There's this scene about halfway through Billy Lynn's Halftime Walk. It's a signature Ang Lee shot: perfectly composed, almost painterly. Billy Lynn (Joe Alwyn) sits in the shade of an olive tree beside his sergeant Shroom (Vin Diesel), cleaning his gun and questioning whether he's fit to be a soldier. Film rookie Alwyn—as he does throughout—delivers a touchingly raw performance. Diesel… well, Diesel does the best he can. But just as the emotions begin to hit home, a whimsical 3D sparrow zooms across the screen and the moment is gone.
It's a frustration you'll feel over and over again while watching Lee's blockbuster Oscar contender in its unprecedented technological format. (Only five theaters in the world are equipped to show the film in its absolute full capacity, though plenty will provide at least part of the experience.)
Adapted from Ben Fountain's bestselling book, the film tells the story of a young soldier who returns home to peak Bush-era Amurica. On Thanksgiving Day, he and his unit are paraded around the Dallas Cowboys' stadium, where they are lauded as war heroes for the most traumatic day of their lives. All of this, of course, is tied to agendas that have nothing to do with the soldiers' welfare. Oil millionaires try to assuage their guilt with tone-deaf speeches; Hollywood fast-talkers treat their life stories like the flavor-of-the week; even Destiny's Child gives a tasteless performance of "Soldier" backed by PTSD-triggering fireworks.
I wanted so badly to be moved by this film. I loved the book, and the two-minute trailer alone was enough to make me well up. But the closest I came to shedding a tear in the theater was just the irritation my eyes feel from wearing a pair of 3D glasses on top of my real ones.
Lee upped the budget by a quarter to equip the film with 3D, 4K technology (the typical film's frame rate is 24; Billy Lynn runs at 120—closer to what our eyes see than anything before it). The peculiar sensation will be somewhat familiar to anyone who's seen The Hobbit or watched a sitcom on an HDTV. Actors look almost like cardboard cutouts lined up in front of a painted backdrop. Extras are shown performing their pantomimes in perfect focus, distracting from the real action elsewhere onscreen. Most painful of all are the first-person POV shots, where actors address the camera directly, delivering what looks like the worst PSA ever.
Ironically, the technology is best employed where it is used the least: in the film's spare battle scenes. The kind of quick, chaotic takes you're used to seeing in war movies are instead replaced with an intense, crystal-clear focus. The climactic revelation of "what really happened out there"—an intense and unflinching combat scene—caused my heart to pound in a way I've never felt at the movies. It's one of the few times Lee's pioneering approach effectively evokes a new form of empathy.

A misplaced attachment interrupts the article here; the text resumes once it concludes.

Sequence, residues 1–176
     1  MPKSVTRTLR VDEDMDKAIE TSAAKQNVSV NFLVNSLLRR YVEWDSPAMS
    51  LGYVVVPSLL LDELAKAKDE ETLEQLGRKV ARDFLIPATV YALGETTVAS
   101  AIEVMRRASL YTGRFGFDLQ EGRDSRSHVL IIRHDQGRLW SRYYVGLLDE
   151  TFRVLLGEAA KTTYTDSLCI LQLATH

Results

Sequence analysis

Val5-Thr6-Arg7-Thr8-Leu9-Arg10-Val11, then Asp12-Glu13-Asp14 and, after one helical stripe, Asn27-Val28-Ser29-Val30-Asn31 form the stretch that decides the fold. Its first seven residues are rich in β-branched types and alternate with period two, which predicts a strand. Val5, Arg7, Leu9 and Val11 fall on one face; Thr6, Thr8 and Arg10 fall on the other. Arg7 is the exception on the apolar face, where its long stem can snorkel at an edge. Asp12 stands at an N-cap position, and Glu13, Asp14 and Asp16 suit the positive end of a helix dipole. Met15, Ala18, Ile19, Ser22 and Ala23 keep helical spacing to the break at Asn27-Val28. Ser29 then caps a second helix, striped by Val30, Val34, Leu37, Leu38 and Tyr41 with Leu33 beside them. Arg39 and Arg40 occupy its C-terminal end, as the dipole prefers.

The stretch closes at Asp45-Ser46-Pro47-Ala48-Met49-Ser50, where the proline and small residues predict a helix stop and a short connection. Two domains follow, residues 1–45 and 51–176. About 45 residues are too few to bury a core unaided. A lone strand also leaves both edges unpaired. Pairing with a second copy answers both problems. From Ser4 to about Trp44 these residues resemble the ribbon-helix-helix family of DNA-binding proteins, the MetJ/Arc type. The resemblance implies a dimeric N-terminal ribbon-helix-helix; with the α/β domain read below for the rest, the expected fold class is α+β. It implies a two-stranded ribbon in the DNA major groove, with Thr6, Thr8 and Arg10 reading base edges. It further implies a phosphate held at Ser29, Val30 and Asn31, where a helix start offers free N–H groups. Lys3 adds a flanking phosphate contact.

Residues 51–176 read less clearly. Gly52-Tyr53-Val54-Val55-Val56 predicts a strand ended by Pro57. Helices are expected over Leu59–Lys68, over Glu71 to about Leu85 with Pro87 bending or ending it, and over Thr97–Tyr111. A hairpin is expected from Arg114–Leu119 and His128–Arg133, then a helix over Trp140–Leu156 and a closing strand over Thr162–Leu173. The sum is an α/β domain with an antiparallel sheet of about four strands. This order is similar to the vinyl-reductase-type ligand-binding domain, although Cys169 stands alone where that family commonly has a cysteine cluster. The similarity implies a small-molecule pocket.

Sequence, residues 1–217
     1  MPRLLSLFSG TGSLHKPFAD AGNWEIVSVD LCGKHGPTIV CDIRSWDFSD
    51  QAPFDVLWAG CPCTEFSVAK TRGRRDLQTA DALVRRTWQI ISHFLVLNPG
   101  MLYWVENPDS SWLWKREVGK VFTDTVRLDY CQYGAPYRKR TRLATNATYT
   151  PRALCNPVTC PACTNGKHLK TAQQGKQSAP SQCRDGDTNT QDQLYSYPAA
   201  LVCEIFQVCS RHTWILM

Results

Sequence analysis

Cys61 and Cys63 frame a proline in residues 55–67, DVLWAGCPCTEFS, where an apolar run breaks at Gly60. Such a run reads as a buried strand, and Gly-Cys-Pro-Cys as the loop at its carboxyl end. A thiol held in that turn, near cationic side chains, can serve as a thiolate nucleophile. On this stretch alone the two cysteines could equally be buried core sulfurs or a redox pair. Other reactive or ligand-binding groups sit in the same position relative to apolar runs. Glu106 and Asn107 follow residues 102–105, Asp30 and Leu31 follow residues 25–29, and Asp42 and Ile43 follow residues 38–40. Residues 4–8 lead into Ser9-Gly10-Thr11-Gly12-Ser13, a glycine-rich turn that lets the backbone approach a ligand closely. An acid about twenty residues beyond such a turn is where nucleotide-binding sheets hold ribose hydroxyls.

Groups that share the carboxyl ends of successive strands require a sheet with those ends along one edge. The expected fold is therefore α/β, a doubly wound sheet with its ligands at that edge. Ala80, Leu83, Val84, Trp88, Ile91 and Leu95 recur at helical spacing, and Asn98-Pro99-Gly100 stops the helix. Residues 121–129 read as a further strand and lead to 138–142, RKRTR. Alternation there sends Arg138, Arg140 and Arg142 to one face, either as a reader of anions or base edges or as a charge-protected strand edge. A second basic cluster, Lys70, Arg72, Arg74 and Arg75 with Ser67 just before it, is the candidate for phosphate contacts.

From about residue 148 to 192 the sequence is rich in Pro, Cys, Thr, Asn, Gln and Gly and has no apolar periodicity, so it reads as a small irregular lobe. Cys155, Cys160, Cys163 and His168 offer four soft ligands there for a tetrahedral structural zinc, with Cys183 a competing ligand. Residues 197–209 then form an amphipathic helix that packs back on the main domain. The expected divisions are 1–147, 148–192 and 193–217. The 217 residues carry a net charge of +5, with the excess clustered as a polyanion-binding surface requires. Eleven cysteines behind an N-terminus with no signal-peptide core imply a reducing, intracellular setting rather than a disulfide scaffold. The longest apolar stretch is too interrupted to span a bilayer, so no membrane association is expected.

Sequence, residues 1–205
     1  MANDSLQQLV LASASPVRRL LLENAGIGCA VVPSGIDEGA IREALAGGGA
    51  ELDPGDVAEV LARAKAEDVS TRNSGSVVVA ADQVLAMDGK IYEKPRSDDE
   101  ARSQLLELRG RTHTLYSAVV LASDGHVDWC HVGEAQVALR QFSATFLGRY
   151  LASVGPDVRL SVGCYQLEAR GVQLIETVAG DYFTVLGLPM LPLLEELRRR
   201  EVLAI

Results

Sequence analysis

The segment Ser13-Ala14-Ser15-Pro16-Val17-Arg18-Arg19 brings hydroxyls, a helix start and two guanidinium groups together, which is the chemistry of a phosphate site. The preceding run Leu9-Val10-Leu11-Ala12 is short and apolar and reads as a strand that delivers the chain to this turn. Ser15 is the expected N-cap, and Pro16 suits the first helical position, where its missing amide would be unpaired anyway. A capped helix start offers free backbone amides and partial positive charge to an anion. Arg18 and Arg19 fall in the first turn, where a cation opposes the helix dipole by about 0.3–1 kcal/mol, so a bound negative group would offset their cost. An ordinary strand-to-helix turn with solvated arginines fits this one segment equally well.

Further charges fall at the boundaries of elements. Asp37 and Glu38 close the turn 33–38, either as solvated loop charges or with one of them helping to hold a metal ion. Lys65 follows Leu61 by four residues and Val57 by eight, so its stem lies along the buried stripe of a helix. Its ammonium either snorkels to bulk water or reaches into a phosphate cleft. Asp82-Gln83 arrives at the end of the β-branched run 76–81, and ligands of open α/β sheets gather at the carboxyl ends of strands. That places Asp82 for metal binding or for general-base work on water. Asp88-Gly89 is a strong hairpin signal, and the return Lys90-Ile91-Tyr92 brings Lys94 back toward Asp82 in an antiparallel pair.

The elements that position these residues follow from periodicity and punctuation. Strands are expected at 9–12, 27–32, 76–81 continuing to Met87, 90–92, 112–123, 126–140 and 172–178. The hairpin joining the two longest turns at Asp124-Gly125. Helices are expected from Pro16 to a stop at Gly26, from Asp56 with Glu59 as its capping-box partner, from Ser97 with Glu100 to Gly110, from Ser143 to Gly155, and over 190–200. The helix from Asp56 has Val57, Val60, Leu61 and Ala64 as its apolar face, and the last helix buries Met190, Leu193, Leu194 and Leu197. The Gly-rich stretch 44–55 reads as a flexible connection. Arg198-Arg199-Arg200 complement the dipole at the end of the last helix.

Lee has said that it was his goal to get rid of the artificiality of cinematic language, and in that's he's succeeded. He's done away with the kind of movie magic that tricks our senses, manipulates our emotions, and directs our attention. And that's a shame. The hyperrealism enabled by this technology doesn't make it feel like we're at the funeral of a loved one or on the family porch having a heartfelt conversation. It just makes us feel like we're on set, under the lights, with the director breathing down our necks.
The film has plenty of winning elements that deserve better than to be overshadowed. The performances—particularly from exciting new talents Joe Alwyn and Makenzie Leigh—are for the most part top-notch. Kristen Stewart is heartbreaking as the sister helpless to protect Billy, and Garrett Hedlund also shines as his acerbic, no-bullshit sergeant. The book's punchy cynicism doesn't always translate onscreen, but there are moments of brilliant social satire that serve as a reminder not to be too nostalgic about our political past during this circus of an election. Jeff Danna's beautiful, melancholic soundtrack helps ground the film's less bombastic scenes. It's for those parts of the film that I'll be giving it a second chance in 2D this Thanksgiving.
I can't deny that Ang Lee is a visionary, never satisfied with making the same kind of film twice. Unfortunately, his vision this time around is to bring 3D, ultra-high frame rate technology to character-driven dramas. It's a movement that proves that technological advances don't always make for better art; that just because we can, doesn't mean we should.
If—like Billy Lynn—we are meant to feel overwhelmed by the circumstances of Lee's film, that much has worked according to plan. The difference is, Billy Lynn wasn't left feeling numb.